A while ago, I wrote in my journal a list of reasons why it seems most churches aren’t growing spiritually. It seems, to me at least, that many churches and individual Christians have a ‘business as usual’ mindset and are not actively pursuing spiritual growth.
Why is this? Why aren’t churches causing more members to grow spiritually?
Here’s what I wrote down:
1. Your church has stopped making disciples, and is just baptizing. Fewer and fewer members are actually dying to themselves and pursuing Christ (cf. Gal. 2:20; Luke 9:27). You are creating a culture of Christians who have a ‘checklist’ mentality and think they’re okay as long as they are on the church membership roster (Last week I wrote an article on this.).
2. Your church thinks that ‘programs’ are the answer. You measure success by how many programs and events you offer, and by how well they are attended. In reality, the more of a priority you place on events (at the neglect of relationships and discipleship), the more you suffocate your congregation. Don’t misunderstand this; it’s not bad to have programs. Healthy churches typically offer a lot of events. The problem is when events become the ultimate aim, rather than a means to the end.
3. Your church leaves new and weak Christians to fend for themselves. New Christians aren’t mentored and discipled on a personal level. Weak Christians aren’t guided, fed a special spiritual diet, and disciplined in the “way more accurately” (cf. Acts 18:26).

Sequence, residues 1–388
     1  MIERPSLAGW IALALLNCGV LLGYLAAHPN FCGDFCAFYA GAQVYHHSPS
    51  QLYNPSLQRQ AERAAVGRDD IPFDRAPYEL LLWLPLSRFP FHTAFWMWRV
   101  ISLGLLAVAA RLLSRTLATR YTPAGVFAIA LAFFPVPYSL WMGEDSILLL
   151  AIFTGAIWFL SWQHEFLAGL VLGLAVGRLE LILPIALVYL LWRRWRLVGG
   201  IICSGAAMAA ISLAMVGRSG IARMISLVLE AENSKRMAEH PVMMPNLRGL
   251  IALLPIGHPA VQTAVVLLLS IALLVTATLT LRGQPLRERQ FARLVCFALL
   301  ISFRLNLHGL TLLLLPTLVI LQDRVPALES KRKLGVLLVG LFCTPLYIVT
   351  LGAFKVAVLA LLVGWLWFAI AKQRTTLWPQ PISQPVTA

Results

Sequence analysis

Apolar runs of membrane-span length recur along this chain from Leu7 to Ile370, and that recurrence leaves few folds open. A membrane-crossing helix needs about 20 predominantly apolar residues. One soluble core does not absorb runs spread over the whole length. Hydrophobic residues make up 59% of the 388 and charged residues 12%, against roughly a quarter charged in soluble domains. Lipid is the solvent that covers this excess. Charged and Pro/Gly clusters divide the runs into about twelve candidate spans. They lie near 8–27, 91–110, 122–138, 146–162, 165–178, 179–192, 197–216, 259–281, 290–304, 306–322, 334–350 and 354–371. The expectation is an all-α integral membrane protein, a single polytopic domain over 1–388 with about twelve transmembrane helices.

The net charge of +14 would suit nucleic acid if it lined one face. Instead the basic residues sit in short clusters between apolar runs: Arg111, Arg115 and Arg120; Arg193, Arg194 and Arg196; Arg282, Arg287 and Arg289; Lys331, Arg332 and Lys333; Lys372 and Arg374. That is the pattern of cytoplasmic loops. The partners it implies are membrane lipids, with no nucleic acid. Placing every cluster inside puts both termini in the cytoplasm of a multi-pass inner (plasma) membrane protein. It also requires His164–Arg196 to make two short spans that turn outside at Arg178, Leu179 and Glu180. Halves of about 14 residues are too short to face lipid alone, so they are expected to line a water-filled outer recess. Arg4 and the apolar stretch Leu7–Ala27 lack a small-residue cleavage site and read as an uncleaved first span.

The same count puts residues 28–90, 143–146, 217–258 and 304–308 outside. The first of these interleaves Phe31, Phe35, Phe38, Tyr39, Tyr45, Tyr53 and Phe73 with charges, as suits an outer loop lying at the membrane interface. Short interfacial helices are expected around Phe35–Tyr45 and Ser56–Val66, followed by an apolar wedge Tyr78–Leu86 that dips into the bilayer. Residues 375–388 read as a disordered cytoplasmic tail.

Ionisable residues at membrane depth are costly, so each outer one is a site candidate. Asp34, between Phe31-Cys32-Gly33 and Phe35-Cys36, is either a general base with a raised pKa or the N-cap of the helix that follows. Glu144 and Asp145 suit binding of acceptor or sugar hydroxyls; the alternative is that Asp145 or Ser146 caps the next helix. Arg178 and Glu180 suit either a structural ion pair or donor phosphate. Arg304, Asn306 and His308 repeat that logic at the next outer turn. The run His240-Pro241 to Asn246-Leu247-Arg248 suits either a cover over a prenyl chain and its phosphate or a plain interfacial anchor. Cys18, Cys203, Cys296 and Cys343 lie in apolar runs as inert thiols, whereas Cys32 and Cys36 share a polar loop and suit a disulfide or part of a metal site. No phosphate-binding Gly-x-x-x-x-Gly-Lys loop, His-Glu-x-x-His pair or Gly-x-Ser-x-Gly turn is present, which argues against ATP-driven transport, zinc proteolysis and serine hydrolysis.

4. The preaching isn’t relevant and applicable. Instead of bringing God’s Word to life, showing the flock how to follow God’s Will, and illuminating the Scriptures, you have reduced the Bible to a mere collection of cold facts (and that’s how you are conditioning members to view preaching – something that’s just boring).
5. Your church stresses only the peripheral issues, rather than the heart of the matter. The core of New Testament Christianity is learning to love God with all of one’s heart, soul, mind, and strength (Luke 10:27). We just want to be more like Jesus. But at the neglect of focusing on these internal principles, you only talk about the externals (i.e. involvement, attendance, giving, &c).
6. Your church has lost its identity. You’re no longer all about the noble pursuit of restoring simple, 1st century, New Testament Christianity. Instead, you’ve started ‘keeping up with the Joneses’ and compromising fundamentals of the Faith under the guise of “outreach.”
7. You aren’t challenging members. They aren’t challenged to study their Bibles (at least not in specific ways), to step up and serve, and to lead.
8. Members compartmentalize the Church. Many view the Church as something that happens on Sunday, rather than a way of life. They view the pulpit as the primary source of spiritual knowledge and application (rather than a supplement to daily growth), and therefore their spiritual growth is stunted.
I know that spiritual growth is ultimately the responsibility of the individual (cf. Phil. 2:12; 1 Pet. 2:2). I get that. But it is the job of every congregation to foster spiritual growth.
These are just my thoughts. What would you add? Why aren’t more churches causing members to grow spiritually?